I know nothing of Scottish history, and Braveheart will in no way enlighten anyone on the subject. Braveheart is built around a historical figure (Sir William Wallace) but in most other respects it's a far cry from an actual biopic. My thinking though, is that it isn't meant to be a strict biography of the Scotsman who fought to keep Scotland out of a unified British kingdom. Rather, it's about a more universal struggle for freedom, with Wallace as a symbol of that struggle to maintain a people's unique identity over tyrannical conquerors.
Braveheart has now a major disadvantage: it was the epic vision of Mel Gibson, who has proven himself to be, eh, a little oddball, in the ensuing twenty years. Long before his "sugar tits" drunken tirades, long before he expressed in unhinged, hyperventilating terms his desire to strangle his mistress/baby mama, and long before he declared Jews responsible for all the wars of the world (I presume, including the one chronicled in Braveheart), Gibson was a respected actor and director, a little manic but harmless. Now, he is forever tainted by his own darkness, the charming goofball turned anti-Semitic nut, one likely to go postal at the mention of Anne Frank. Is it fair to praise the greatness of a man's work while condemning the man himself for his vile acts (in the same way we can laud The Cosby Show while being appalled at the accusations against Bill Cosby)? I think yes, but as well-shaped as Braveheart is, the film itself reveals other aspects of Gibson's worldview that are disturbing: his love for gratuitous violence and his barely hidden homophobia bubbling up in a film that celebrates the notions of freedom from tyranny.
What to make of it now, when the film stands in the shadow of its creator's own disarray?
Young William Wallace grows up a Highlander of modest means despite his family's reputation and respect among his community. The Wallaces want to live in peace and freedom, but William sees the evil of the British when he finds his father and brother murdered when lured to a 'peace conference'. His uncle Argyle (Brian Cox) takes him in, reinforcing his late brother's belief that 'it's our wits that make us men, not fighting'. He gets educated and grows up, returning to his ancestral home years later.
Now an adult, William Wallace (Gibson) finds his beloved Scotland still under British rule, with the monarch who killed his family, Edward I better known as Edward Longshanks (Patrick McGoohan) still on the English throne. Longshanks is displeased at his effete son Edward (Peter Hanly) but does believe that his daughter-in-law Princess Isabel of France (Sophie Marceau) is better in so many ways (and I suspect Longshanks would like a Prima Nocte with her). The issue of letting the lords of the manor have the 'first night' with a new bride is one of many issues causing consternation in Scotland, the English essentially raping virgin Scottish brides on their wedding nights. This is the reason Wallace marries the great love of his life, Murron (Catherine McCormack) in secret.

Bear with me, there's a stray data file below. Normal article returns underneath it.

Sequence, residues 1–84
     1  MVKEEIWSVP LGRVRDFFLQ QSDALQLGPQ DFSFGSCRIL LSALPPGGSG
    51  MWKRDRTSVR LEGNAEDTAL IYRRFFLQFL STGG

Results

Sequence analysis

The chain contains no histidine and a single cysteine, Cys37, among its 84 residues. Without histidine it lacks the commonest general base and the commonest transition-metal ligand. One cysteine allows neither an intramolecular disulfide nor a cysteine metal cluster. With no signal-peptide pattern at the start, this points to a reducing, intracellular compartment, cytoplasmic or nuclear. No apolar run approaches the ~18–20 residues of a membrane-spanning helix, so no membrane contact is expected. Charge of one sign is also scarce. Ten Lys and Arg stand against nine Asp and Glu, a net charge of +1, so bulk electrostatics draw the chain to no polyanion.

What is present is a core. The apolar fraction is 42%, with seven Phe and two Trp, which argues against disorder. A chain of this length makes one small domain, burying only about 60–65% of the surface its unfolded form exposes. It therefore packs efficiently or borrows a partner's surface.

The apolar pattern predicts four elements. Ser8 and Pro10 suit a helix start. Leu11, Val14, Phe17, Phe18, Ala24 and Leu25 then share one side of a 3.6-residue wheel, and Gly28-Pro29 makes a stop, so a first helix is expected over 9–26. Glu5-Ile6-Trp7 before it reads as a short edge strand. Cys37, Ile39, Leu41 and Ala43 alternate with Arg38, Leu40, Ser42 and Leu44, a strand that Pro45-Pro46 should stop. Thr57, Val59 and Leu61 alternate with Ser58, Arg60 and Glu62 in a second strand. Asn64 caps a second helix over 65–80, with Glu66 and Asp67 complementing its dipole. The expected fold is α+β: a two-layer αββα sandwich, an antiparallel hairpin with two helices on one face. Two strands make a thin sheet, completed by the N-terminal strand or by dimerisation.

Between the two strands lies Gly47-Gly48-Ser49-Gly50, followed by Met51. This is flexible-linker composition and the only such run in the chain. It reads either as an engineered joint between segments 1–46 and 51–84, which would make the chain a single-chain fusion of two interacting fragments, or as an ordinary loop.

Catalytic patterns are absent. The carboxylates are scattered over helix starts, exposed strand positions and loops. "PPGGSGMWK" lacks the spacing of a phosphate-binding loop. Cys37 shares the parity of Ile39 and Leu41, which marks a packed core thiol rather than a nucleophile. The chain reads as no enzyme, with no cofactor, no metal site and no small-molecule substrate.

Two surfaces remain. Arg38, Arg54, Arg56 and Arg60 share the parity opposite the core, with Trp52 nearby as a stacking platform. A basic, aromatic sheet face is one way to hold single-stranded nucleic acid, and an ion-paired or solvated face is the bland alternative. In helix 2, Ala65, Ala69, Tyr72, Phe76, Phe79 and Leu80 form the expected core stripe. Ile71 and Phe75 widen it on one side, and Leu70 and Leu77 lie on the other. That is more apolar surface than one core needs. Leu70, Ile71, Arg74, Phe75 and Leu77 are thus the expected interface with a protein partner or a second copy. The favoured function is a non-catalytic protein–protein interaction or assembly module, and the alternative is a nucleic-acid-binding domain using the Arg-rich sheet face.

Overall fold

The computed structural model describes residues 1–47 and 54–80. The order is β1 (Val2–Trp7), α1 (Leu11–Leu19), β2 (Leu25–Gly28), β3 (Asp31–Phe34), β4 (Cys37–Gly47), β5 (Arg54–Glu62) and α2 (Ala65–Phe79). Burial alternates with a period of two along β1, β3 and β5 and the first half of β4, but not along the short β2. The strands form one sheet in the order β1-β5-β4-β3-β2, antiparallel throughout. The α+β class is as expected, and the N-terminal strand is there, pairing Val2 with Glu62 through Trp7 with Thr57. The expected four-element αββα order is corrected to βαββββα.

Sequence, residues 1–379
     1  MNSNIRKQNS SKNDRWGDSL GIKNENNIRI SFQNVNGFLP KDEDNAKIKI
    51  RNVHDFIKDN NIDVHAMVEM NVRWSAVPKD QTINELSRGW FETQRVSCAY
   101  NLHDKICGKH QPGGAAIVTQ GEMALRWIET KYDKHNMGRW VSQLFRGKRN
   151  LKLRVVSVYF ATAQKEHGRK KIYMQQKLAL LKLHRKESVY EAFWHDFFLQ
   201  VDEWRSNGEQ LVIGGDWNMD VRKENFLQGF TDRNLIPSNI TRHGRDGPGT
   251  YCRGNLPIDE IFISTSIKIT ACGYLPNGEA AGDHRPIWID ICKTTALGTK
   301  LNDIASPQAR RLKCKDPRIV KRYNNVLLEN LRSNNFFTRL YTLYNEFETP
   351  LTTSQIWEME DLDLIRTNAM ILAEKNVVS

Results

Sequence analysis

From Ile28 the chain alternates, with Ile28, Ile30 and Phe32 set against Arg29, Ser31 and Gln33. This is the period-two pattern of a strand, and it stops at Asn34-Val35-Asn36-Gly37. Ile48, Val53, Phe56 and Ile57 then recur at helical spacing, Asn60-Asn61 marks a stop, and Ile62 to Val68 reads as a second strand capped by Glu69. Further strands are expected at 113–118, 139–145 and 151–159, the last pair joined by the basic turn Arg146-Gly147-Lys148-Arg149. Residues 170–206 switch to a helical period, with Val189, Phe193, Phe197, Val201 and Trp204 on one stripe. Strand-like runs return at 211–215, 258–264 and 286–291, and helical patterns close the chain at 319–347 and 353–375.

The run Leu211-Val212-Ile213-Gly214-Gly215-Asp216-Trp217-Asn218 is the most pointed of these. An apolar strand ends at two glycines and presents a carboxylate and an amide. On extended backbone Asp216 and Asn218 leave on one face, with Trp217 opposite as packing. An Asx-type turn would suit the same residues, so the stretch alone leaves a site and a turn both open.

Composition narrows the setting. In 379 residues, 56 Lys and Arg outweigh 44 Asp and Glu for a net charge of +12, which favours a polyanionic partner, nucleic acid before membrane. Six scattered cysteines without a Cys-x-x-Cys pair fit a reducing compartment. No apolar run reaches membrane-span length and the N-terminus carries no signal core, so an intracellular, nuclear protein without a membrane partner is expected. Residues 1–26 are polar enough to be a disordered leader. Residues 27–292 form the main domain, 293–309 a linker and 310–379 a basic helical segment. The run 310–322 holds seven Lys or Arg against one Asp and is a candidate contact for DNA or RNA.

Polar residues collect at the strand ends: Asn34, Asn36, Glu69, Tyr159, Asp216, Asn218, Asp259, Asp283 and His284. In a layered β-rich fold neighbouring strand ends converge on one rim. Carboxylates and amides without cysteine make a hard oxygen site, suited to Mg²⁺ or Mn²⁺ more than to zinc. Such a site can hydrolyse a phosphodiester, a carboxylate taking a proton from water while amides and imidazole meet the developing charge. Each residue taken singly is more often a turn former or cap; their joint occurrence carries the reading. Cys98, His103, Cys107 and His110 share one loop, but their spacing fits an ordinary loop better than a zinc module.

Wallace wants nothing more than peace and Murron, but the world will not allow him this. English soldiers harass his secret bride and while she proves herself a true Scotswoman she is executed most brutally. In fury and vengeance, Wallace becomes a one-man army, an avenging angel soon joined by others into a full-scale revolt against English rule.
Wallace's victory at Stirling over the English piques the interest of Robert the Bruce (Angus Macfadyen), a contender for the Scottish throne. He too wants a free Scotland, but his father is happy to compromise with the English if it will ensure the throne for his son. Longshanks goes to crush the rebellion, sending Isabel ahead in order to bribe Wallace, but this is for naught. At the Battle of Falkirk, Wallace is betrayed by his fellow Scots and Robert, who was pushed into siding with the English by his ambitious father, manages to send Wallace out of danger, though the Bruce is wracked with guilt over his actions. Wallace continues his mad war, and has a fling with Isabel, who coolly informs her hateful father-in-law that the child she carries is not from his gay son, but from Wallace himself.